Nossal: Japan is a country which is largely opposed to free enterprise. As one who has studied economics and subscribes to the notion that the ability for individuals to do business is integral to a society’s wealth and commerce, as well as that society’s ability to solve problems generally, I find this condition amusingly shortsighted. As one who is living in and attempting to do business in Japan I find this condition depressing. After all, what is it that individuals can do best as entrepreneurs? We stand to make money by solving problems for other people. I will discuss some extraordinary barriers to business created by just a few layers of legal or bureaucratic excess which discourage or disable free enterprise in two examples of personal experience. It is assumed that there is some reason that people have gone through such troubles to erect these legal barriers, and I can only speculate what some of those possible reasons might be. On the microeconomic level, the effects of the clearly anti-business atmosphere created by those specific barriers are devastating. Businesses which could and should be thriving, multiplying, growing, and revolving multiples of yen back out into the local economy are stopped dead. Theoretically, all money gets spent somewhere, but inevitably some of that money which would have been spent in the local Ishikawa ken economy (where these stories take place) gets saved, sent away, or spent elsewhere and the greater Ishikawa ken economy suffers for this.
Posted in "Pinprick Protests", Bad Business Practices, Exclusionism, Ironies & Hypocrisies, Japanese Government, NJ voices ignored, discounted & discredited, Tourism, Unsustainable Japanese Society | 29 Comments »
Posted by Dr. ARUDOU, Debito on 21st April 2016
Mainichi: The Hokkaido Prefectural Government has prepared 2,500 stickers for use by foreigners driving rent-a-cars, in order to identify them to other drivers and prepare against on-the-road trouble. The stickers, which read “A person from a foreign country is driving,” were distributed to rent-a-car companies in Hokkaido. In fiscal 2014, around 24,000 rent-a-cars were used by foreign tourists, around 14,000 more than in fiscal 2012. Accidents and driver arguments are expected, so the stickers were created to warn other drivers, similar to stickers for new drivers. The magnetic stickers are 14.5 centimeters square and carry Hokkaido’s tourism character “Kyun-chan,” a Japanese pika. A prefectural government official says, “When people see (a car with the sticker), we want them to act kindly.”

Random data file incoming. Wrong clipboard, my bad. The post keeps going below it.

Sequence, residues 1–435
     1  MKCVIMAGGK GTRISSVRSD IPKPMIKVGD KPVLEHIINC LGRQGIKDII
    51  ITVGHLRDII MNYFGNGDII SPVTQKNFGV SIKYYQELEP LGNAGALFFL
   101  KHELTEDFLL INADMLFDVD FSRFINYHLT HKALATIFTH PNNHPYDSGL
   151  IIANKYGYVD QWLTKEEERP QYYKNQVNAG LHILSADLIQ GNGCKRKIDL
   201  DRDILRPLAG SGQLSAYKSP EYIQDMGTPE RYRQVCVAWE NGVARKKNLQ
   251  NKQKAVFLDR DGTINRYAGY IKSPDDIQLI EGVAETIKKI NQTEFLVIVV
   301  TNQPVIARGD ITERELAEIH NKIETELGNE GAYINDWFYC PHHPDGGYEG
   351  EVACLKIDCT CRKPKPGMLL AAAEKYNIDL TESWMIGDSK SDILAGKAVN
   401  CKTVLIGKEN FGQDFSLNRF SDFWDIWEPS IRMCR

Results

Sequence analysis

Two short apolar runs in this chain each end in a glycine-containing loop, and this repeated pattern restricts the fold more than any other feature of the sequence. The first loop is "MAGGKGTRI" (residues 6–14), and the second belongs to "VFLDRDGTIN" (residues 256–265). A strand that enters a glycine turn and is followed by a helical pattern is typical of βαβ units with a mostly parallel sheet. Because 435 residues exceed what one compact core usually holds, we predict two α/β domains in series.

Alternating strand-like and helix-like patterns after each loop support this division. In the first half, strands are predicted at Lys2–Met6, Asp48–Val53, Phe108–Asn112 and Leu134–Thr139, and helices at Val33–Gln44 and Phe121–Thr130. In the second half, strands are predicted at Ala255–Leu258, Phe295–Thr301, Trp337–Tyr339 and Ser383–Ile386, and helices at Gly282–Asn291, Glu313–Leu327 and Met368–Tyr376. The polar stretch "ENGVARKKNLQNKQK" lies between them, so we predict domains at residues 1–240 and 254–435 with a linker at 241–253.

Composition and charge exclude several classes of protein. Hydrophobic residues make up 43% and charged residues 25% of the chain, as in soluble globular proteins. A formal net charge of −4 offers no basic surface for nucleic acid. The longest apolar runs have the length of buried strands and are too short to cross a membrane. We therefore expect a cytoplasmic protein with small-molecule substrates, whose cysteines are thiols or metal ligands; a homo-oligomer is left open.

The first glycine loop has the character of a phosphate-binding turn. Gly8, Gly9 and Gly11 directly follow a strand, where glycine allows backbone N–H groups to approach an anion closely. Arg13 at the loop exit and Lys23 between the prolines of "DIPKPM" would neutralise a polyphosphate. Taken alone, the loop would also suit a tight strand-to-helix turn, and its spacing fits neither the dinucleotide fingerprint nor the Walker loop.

Comment: It would seem that the Japanese reflex of pointing out differences over similarities (a byproduct of the quest to keep Japan “unique” in the world narrative) has created perennial blind spots towards the effects of “stigmatization”. That is to say, if you keep pointing out how different a group of people is (in this case, “foreign drivers”, even if you say you are doing it “out of kindness”), it still differentiates and “others” people — with the inevitable subordinating presumption that foreign drivers are somehow more prone to accidents, need to be taken notice of, or treated with special care. Why else would the public be notified (if not warned) that a foreign driver is present?